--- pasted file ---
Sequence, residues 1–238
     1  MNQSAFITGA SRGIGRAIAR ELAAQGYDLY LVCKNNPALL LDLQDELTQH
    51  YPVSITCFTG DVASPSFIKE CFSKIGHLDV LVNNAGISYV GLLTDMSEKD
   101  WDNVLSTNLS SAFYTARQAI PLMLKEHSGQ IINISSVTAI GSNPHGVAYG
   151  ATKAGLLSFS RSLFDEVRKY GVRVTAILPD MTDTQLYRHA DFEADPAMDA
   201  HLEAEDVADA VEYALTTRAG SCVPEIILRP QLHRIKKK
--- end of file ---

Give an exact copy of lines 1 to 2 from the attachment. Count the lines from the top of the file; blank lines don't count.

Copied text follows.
Sequence, residues 1–238
     1  MNQSAFITGA SRGIGRAIAR ELAAQGYDLY LVCKNNPALL LDLQDELTQH